First look: ClimateCheck inks deal with Black Knight for climate risk analytics
ClimateCheck, which provides climate risk data to the private sector and the public, has struck a partnership with Black Knight Inc., a mortgage technology and data company, the firm first told Axios.
Why it matters: The agreement, which is for an undisclosed sum, is part of a surge of deals in economic sectors that are vulnerable to exposure to climate hazards, such as real estate and insurance.
Driving the news: The incorporation of physical climate risk information into Black Knight's platform comes amid a push for disclosure from investors and regulators, including the SEC.
- “Our offering with Black Knight is a crucial tool to help lender risk management and [is] becoming even more important with the evolving regulatory environment from SEC and others,” said ClimateCheck CEO Cal Inman, told Axios via email.
Zoom in: ClimateCheck is one of many providers of climate risk data, joining firms like 427, Jupiter Intelligence, Moody's and others.
- The surge in data deals in the past two years, along with consolidation among climate risk firms, demonstrates the interest in protecting economic sectors from climate change impacts, such as extreme weather events and sea level rise.
- "Black Knight is the leading mortgage data platform that lenders are already using as part of their workflow," Inman told Axios via email. "Lenders now have instant access to the best, most transparent climate risk data. They can just push a button and add climate risk insights to their data feed."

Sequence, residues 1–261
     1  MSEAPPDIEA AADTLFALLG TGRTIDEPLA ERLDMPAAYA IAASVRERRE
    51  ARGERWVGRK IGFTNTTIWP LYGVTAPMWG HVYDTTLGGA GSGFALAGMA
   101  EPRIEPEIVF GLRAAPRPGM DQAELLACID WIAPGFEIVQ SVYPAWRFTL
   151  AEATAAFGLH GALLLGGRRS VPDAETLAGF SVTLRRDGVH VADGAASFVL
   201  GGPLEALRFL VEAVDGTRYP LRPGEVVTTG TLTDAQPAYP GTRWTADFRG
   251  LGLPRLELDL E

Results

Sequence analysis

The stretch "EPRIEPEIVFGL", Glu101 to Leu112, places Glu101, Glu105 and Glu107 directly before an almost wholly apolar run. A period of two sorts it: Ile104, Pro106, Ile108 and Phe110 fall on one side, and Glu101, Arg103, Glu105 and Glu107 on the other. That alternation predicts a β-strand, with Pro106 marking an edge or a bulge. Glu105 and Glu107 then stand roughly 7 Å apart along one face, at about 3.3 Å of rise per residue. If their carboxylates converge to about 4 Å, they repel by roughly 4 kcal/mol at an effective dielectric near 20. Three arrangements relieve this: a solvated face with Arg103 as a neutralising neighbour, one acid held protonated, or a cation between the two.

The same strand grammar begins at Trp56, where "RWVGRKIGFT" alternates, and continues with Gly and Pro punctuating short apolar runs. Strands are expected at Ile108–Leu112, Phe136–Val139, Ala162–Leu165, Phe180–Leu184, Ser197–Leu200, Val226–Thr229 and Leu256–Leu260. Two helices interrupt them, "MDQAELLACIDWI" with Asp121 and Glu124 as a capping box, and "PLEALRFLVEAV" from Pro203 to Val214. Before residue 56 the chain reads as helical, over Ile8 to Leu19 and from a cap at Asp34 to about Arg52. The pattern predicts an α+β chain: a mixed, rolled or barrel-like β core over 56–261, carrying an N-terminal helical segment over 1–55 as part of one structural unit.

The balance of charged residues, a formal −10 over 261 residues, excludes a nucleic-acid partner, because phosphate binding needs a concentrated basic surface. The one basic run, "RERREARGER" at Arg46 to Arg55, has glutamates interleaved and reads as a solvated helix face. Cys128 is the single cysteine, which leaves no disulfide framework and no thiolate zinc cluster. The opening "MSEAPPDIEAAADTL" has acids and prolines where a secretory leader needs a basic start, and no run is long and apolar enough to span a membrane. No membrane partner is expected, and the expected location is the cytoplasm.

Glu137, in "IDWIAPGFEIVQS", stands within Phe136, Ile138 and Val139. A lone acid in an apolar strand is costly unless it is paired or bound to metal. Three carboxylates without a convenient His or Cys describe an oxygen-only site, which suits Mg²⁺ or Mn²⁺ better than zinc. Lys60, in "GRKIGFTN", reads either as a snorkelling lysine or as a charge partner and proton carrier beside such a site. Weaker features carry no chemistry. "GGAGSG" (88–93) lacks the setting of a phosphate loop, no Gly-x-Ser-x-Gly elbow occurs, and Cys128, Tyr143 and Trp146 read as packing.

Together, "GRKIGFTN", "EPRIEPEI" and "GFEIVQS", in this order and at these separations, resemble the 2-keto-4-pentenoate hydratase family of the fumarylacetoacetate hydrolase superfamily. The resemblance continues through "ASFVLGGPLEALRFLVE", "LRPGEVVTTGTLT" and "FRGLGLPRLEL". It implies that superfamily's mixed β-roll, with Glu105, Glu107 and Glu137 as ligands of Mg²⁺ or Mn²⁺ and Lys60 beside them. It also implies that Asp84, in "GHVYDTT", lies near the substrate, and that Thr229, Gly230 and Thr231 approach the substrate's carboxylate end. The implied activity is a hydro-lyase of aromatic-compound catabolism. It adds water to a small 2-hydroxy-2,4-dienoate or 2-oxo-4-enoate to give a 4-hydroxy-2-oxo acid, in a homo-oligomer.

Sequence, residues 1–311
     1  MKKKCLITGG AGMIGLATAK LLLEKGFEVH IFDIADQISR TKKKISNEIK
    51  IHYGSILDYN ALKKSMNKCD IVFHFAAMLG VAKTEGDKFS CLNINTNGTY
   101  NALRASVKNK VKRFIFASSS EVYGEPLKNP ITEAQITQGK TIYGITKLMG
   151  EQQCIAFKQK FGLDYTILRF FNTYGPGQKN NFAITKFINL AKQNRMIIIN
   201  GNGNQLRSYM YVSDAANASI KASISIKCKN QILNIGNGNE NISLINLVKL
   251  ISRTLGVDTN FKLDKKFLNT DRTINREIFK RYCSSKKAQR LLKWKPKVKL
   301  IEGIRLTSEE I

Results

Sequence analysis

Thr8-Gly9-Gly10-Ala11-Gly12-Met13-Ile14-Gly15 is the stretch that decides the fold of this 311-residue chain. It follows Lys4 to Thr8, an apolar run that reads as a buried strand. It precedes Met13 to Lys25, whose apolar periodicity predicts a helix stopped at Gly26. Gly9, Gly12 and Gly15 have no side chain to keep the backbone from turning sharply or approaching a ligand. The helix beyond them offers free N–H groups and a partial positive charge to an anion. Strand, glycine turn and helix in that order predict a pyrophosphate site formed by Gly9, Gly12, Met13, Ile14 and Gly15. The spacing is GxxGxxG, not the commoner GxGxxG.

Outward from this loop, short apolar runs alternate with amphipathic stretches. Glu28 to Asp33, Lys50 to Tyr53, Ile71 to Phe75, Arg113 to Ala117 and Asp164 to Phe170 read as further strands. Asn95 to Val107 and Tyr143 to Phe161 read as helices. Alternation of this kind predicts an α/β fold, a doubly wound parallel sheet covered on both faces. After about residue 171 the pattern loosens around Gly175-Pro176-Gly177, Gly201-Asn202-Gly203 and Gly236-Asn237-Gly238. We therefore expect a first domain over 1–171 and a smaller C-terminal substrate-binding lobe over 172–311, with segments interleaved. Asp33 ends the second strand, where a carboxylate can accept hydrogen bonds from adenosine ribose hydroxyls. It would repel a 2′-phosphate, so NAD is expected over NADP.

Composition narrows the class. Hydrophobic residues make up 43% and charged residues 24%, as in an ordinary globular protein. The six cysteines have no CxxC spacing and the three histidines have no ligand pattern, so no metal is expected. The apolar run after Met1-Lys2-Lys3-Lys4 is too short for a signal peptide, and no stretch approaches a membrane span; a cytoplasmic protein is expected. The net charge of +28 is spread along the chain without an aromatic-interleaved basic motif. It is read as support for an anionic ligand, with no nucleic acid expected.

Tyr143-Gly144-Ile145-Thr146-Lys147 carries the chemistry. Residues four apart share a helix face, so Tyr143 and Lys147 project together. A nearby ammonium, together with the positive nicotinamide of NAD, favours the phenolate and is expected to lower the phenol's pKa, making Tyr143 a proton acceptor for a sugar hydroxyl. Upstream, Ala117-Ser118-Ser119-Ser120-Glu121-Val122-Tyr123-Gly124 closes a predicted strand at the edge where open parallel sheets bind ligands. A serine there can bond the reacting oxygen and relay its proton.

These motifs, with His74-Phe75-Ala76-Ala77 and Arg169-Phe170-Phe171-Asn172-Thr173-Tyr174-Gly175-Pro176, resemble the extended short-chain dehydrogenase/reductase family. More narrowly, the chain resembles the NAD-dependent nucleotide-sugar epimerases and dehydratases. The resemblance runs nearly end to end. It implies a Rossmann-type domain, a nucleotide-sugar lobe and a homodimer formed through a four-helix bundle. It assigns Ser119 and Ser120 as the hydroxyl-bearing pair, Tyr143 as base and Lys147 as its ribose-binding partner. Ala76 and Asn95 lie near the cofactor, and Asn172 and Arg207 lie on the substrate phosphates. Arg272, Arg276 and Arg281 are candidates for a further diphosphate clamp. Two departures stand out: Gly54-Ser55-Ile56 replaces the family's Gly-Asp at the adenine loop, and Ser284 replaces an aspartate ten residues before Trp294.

Between the lines: ClimateCheck provides climate change risk scores based on more than 50 climate simulations from peer-reviewed sources. Risks include heat, storm, fire, drought and flood hazards down to the property level.
- Through this partnership, Black Knight, which Intercontinental Exchange acquired for $13.1 billion in early May, will provide mortgage lenders, servicers and investors with the ability to understand how different potential climate risks will affect default rates and property valuation.
Yes, but: ClimateCheck's products are based on publicly available models from government agencies, research institutions and the UN Intergovernmental Panel on Climate Change.
- The company says it works to make this model output, which may be applicable at larger scales, meaningful for property-level risk analysis. But this process can introduce greater uncertainties.
- It is an approach that differs from other players in this space, such as Jupiter Intelligence, Tomorrow.io and the nonprofit First Street Foundation. These larger organizations have invested more resources to develop bespoke — and in some cases peer-reviewed — models for property-level hazards, such as heat waves, inland and coastal flooding and sea level rise.
What they're saying: "With each passing year, it becomes more apparent that we've entered an age of increasingly large, destructive and frequent climate-driven events," said Ben Graboske, president of Black Knight Data and Analytics, in a statement.